Reporters Banned From Dentist's Dallas Mansion

     DALLAS (CN) - A dentist accused of Medicare fraud won a restraining order against the real estate reporter and Belo-owned television station that he claims have defamed him.
     Judge Sally Montgomery, of Dallas County Court at Law No. 3, granted Richard Malouf a temporary restraining order on Friday.
     The order bans WFAA-TV, its investigative reporter Byron Harris and real estate reporter Mary Candace Evans from coming within 50 feet of his mansion. It also bans them from taking images of the property.
     Malouf sued the trio last week, alleging trespass, invasion of privacy, defamation, libel, slander and conspiracy. Claiming that he was falsely accused of fraud, Malouf says the reporters ran approximately 40 stories about him and his home in the past year, alleging that he filed for personal bankruptcy while building a massive water park in his backyard.
     Malouf also sued his neighbor Laura Wilson, who is also mother to actors Owen and Luke Wilson, claiming that she helped Evans crawl onto her roof to take more photos of the Malouf home. The pictures allegedly appeared on Evans' websites or in conjunction with WFAA television broadcasts.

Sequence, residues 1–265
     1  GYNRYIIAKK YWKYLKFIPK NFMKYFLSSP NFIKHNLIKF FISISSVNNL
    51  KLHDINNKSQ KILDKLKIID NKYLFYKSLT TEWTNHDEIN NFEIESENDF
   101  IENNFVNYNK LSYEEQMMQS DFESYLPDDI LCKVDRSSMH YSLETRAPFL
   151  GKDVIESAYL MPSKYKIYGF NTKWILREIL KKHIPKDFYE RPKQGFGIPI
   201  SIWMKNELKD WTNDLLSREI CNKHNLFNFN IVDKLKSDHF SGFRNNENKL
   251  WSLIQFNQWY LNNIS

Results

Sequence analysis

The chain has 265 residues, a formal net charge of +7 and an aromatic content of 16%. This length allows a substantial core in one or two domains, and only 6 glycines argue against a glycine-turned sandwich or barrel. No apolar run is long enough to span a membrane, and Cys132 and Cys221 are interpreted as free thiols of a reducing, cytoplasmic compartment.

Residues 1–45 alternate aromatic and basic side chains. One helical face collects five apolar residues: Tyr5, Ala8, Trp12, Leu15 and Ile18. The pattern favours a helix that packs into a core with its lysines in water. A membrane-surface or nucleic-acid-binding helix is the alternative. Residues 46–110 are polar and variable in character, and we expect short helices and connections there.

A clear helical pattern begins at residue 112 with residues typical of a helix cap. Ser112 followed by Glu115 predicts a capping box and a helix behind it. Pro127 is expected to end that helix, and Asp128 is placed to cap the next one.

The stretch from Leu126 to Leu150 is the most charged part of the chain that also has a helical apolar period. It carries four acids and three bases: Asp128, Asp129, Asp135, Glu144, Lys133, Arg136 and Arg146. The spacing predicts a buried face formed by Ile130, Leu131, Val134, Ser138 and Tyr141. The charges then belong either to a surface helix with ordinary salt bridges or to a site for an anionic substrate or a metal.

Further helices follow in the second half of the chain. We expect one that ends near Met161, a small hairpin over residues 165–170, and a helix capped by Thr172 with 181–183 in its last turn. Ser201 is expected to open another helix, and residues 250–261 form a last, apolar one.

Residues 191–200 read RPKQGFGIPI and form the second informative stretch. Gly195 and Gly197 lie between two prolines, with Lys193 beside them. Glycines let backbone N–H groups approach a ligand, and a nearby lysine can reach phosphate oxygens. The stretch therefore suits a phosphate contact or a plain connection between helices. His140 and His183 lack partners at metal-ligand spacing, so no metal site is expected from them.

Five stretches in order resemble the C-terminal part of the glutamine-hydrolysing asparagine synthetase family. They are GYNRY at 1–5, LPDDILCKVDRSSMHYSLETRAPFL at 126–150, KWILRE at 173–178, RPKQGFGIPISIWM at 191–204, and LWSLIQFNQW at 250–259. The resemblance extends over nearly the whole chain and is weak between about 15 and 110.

Federal prosecutors said in March that Malouf and the dental chain he partially owns, All Smiles Dental Center, agreed to pay $1.2 million to settle Medicare fraud claims.
     "The U.S. and Texas contend All Smiles submitted improper Medicaid claims between 2004 and 2007 for orthodontic related-items and services that were not furnished or rendered, were unbundled and/or not properly documented," prosecutors said in March.
     "In April 2010, Dr. Malouf settled potential allegations with the Dallas County District Attorney by repaying ... more than $46,000 for certain orthodontic claims and agreeing not to submit claims to Texas Medicaid for an 18-month period. Dr. Malouf did not admit any wrongdoing or liability as part of that agreement."
     The same day Montgomery entered the restraining order, Evans moved to dismiss the lawsuit, claiming protection under the First Amendment.
     "Each communication forming the basis of the plaintiffs' claims, if undertaken by the defendant, was done in the exercise of the right to free speech, right of association or right to petition and was constitutionally protected," the four-page motion states. "The plaintiffs' causes of action were brought to deter and/or prevent the defendant from exercising her constitutional rights, was brought for an improper purpose, and was brought to embarrass and harass the defendant."